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There are over 14,000 species of mushrooms on Earth, ranging from poisonous death caps to delicious morels to mushrooms of the psychedelic variety. I’m sure you’ve seem them growing from soil, cow paddies, rotten wood, and just about everywhere else, and maybe thought, “How hard could it be to grow edible mushrooms at home?” The answer: It depends. Even if you’re a decent home-gardener, mushrooms present unique challenges.

Creating the environment a mushroom needs at home can be tricky, especially if you’re going for an edible and delicious variety, not just whatever comes up from a tree stump. But it’s not impossible if you know what you’re doing; here’s how to get started growing your own pizza topping and stir-fry ingredient.

Before you jump in, do some research

There are tons of books and websites about mushroom cultivation, and it makes sense to read up before you dive in. I like Aubrey Burns’ The Edible Mushroom Cultivation Bible, a three-volume set covering everything you could ever want to know about the subject. For online research, you can start at the North American Mycological Association’s resource list. 

The easiest way to grow your own mushrooms: Buy a kit.

You might want to start out with a mushroom-growing kit. These come with everything you need to grow your first mushroom crop, as well as detailed instructions. It can feel a little like cheating for a DIY-type person, but a kit will help you familiarlize yourself with the process in a hands on, non-frustrating way. There’s no need to start with an expensive kit, though. You can pick up a first-timer mushroom farm for less than 20 bucks.

Choose an easy-to-grow variety of mushroom for your first shot

You gotta walk before you run. Like houseplants, some kinds of mushrooms are hardy and easy to grow, where others are next to impossible. Some good choices for edible, learning-the-ropes mushrooms include:

  • Oyster mushrooms
  • White Button mushrooms
  • Shiitake mushrooms
  • Lion’s mane
  • Morel mushrooms

How to grow your own mushrooms

Different varieties of mushrooms have different needs, so the specifics vary widely, but in general, here’s what you’ll need:

  • A space to grow them: You don’t need much room to grow a small crop of ‘shrooms, but it generally needs to be a dark space where you can control the temperature and moisture somewhat. A closet will work, or a corner of the basement. You could even grow them under the sink, and some varieties can be cultivated outdoors.
  • A planting tray: For a modest, first-time mushroom crop, you’ll need a tray that’s at least six inches deep, and around 14” by 16”. It can be wood, plastic, or metal, so something like a cat litter box would work.
  • Mushroom spawn: These spores are the equivalent of seeds for mushrooms. You can buy them online or at garden stores. You can’t buy every kind of mushroom spawn online, though. Some kinds of mushrooms are more tightly controlled, so to speak.
  • Substrate: This is the material in which your mushrooms will grow. Some varieties grow in wood chips, some in grains. Some grow best in a mixture of manure and compost, which requires a level of personal commitment.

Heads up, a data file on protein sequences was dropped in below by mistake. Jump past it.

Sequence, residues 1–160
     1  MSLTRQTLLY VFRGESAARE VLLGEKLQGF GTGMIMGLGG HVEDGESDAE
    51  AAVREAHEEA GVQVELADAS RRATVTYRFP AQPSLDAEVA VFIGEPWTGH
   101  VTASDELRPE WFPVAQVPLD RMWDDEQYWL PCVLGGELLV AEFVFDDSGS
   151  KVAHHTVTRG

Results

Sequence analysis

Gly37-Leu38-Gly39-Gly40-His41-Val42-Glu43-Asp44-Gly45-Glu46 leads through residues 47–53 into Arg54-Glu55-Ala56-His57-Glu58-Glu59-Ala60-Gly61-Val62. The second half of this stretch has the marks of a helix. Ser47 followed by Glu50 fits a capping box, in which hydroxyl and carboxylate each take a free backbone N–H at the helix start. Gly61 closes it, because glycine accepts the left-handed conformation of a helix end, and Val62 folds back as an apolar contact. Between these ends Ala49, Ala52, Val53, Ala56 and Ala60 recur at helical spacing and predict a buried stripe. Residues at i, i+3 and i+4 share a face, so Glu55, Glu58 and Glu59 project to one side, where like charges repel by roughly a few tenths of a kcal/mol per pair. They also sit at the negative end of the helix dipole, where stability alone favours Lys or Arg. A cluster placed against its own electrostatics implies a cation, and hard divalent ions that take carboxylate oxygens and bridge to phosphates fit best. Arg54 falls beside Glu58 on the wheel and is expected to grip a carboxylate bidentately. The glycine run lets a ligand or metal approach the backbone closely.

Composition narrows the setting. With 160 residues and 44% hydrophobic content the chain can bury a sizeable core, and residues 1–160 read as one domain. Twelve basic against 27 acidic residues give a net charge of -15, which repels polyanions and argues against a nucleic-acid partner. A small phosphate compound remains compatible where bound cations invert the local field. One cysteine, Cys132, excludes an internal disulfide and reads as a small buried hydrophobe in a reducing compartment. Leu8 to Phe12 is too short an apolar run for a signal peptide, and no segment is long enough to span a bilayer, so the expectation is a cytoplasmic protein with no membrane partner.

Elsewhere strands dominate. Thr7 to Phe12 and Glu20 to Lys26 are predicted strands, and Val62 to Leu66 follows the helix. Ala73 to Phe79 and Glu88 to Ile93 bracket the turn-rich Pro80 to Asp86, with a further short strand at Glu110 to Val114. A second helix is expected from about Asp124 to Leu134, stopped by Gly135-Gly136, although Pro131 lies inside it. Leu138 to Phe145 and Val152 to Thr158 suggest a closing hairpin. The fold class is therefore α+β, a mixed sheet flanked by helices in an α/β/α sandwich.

• A heating element: Depending on the variety of mushroom, you may need a heating pad of some kind to regulate the temperature in the growing area.
  • A plastic covering: Some kinds of mushrooms grow best if you tent plastic over them, creating a mini-greenhouse.
  • A pressure cooker: More advanced mushroom cultivation might require a pressure cooker for sterilization.

The mushroom growing process

Once you’ve got all the tools you need, and you’ve read up on the specific of the kind of mushrooms you want to grow, it’s time to get started. In a general sense, that means:

  • Sterilize: Depending on the process you’re following and the mushroom you’re growing, you may need to use your pressure cooker to sterilize components of your grow.
  • Fill: Put your substrate-of-choice in your container.
  • Spread: Cover the substrate with your spawn.
  • Heat and water: Keep your future mushrooms warm with your heating element and moist by spraying it down. Exactly how warm and how wet depends on what kind you’re growing. You could tent it with plastic bags to create a miniature greenhouse here.
  • Wait: After a few days, you should see mycelium, the equivalent of a root-system for mushrooms, on the top of your substrate. This means they’ve colonized. When the surface is white with mycelium, it’s time to move the mushrooms to a cooler place.
  • Cool: Many types of mushrooms grow best in cool, dark places, although some do better with occasional light. Keep them moist, usually spraying them couple times a day, and in a few weeks (depending on the kind of mushroom), you can start to cultivate your now fully grown mushrooms.
  • Cook: Check out Lifehacker’s wealth of mushroom-related content for preparation tips, recipes, and more.

A word of warning

Do not eat mushroom you find in nature unless you are an absolute expert on which ones are edible. Many varieties of mushrooms are deadly, and they often look like benign mushrooms, so stick to the supermarket and the ones you know are safe because you grew ‘em yourself.

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